ALBANY -- As a patrolman for the Colonie Police Department, Lou DiNuzzo sometimes hands out speeding tickets, particularly around his running routes.
"But I don't like to give out too many of those," he said.
Indeed, speed is a concept DiNuzzo appears to embrace.
DiNuzzo, a 23-year-old from Colonie, blazed to a victory in the GHI Workforce Team Challenge on Thursday, completing the 3.5-mile race in 17 minutes, 51 seconds. He topped a record field that included about 5,500 runners and 335 teams, all of whom raced a path that started on Madison Avenue, near Empire State Plaza, and twisted through Washington Park.
DiNuzzo finished 25 seconds ahead of Philip Roach, who placed second.
Wearing a white T-shirt that said "Colonie PD," black shorts and sunglasses, DiNuzzo churned toward the finish line flanked, appropriately enough, by two police motorcycles and a police truck, all of which flashed their lights. He held up his arms as he busted through the tape.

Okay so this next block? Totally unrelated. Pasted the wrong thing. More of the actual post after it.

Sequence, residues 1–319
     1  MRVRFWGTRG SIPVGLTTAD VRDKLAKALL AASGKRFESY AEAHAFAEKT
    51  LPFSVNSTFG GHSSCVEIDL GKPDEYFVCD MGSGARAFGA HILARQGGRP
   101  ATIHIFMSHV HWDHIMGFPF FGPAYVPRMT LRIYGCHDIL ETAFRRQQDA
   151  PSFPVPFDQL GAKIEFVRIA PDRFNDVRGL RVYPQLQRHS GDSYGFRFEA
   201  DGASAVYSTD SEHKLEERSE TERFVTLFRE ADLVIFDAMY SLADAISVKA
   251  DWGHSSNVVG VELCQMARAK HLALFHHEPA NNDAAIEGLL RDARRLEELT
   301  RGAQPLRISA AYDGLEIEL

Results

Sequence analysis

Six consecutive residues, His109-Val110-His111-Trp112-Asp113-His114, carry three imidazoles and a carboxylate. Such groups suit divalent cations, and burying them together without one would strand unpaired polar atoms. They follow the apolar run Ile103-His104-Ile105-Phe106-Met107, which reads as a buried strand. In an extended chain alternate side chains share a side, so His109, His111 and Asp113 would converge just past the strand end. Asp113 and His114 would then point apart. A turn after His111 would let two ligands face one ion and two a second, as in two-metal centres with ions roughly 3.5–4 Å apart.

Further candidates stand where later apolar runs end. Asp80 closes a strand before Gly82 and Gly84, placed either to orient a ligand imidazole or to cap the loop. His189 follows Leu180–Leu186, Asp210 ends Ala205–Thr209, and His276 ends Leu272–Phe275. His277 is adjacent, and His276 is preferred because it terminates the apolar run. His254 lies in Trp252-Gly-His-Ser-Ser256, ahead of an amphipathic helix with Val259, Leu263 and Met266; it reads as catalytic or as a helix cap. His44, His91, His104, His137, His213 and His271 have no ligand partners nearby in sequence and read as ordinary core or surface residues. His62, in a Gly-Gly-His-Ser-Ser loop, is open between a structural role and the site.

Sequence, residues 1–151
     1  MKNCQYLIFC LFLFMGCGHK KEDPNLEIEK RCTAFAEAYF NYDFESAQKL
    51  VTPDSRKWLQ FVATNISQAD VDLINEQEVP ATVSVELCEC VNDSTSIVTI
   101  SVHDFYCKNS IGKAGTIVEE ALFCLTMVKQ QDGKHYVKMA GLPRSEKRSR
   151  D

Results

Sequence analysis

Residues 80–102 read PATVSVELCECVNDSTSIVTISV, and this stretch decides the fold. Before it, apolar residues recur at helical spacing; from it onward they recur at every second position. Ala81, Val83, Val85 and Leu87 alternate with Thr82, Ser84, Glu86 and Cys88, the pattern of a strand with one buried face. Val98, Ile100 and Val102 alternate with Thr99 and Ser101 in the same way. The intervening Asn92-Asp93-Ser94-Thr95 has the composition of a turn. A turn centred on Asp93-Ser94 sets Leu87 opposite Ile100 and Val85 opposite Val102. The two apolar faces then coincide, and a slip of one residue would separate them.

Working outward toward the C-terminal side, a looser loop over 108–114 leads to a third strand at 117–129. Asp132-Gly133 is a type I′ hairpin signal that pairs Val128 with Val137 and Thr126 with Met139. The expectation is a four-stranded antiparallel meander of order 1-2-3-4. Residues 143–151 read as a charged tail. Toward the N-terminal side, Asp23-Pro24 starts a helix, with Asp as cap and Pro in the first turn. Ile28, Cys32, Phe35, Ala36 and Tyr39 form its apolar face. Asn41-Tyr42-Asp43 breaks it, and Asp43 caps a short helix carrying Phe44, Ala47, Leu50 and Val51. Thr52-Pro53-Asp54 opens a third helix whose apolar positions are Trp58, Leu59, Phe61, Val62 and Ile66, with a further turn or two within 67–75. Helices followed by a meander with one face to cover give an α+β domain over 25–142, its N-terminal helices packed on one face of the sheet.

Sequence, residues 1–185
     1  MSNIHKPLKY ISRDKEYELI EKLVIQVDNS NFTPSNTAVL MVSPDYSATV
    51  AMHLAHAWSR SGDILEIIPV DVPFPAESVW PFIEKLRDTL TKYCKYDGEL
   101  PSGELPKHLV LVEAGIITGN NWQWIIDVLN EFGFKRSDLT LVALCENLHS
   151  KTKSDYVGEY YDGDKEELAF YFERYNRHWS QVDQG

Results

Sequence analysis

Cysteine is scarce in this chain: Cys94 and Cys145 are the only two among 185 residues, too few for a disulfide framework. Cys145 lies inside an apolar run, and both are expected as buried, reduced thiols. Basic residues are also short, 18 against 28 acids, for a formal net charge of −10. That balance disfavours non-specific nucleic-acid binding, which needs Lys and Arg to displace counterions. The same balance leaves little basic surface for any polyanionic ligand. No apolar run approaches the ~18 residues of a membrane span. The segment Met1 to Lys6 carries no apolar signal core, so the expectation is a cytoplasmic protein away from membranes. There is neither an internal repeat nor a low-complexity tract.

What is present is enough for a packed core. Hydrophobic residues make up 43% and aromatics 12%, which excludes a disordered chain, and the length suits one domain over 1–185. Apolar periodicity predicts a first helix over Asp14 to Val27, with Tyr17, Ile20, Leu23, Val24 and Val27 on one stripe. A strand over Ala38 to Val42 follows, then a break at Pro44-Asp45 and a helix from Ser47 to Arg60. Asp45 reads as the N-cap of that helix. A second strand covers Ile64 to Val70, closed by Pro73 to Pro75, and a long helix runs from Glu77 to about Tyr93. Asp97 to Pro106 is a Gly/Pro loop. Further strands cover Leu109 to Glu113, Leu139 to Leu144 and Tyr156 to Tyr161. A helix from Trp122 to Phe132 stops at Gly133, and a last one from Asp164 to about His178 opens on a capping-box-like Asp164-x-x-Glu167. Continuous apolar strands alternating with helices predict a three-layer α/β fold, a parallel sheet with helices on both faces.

"I wanted to do this to put Colonie in a good light," DiNuzzo said.
This marked DiNuzzo's first entry into the race. In winning, the former Shaker High runner and assistant coach beat Tom Dalton, who has won the event a record 14 times, including the 2004 and 2005 races.
Dalton finished 10th with a time of 19:04. He said a pulled abdominal muscle hindered his training this year. The 47-year-old Rotterdam resident said he planned to return to the race next year, in better shape and, he hopes, with a better finish.
"It's not as much fun running in the middle of the pack," he said.
Dana Peterson, a professor at the University at Albany, led the women's field with a time of 21:46. Like DiNuzzo, she won for the first time. She placed seventh last year, she said.
Emily Bryans, who had won the women's race six consecutive years, did not race.
"When I saw that, I thought it was wide open," Peterson said.
Peterson said she bolted early from an awards ceremony at UAlbany to attend the race in time. She expected to see race coverage in newspapers taped to her office door this morning; whenever she competes, a co-worker hangs the results on her door, she said.
"So I'll be ready for it," Peterson, 35, said with a laugh.
Both DiNuzzo and Peterson plan to return to work tomorrow, Peterson to the classroom, DiNuzzo on patrol.
"Hopefully," DiNuzzo said, "I get a good reception."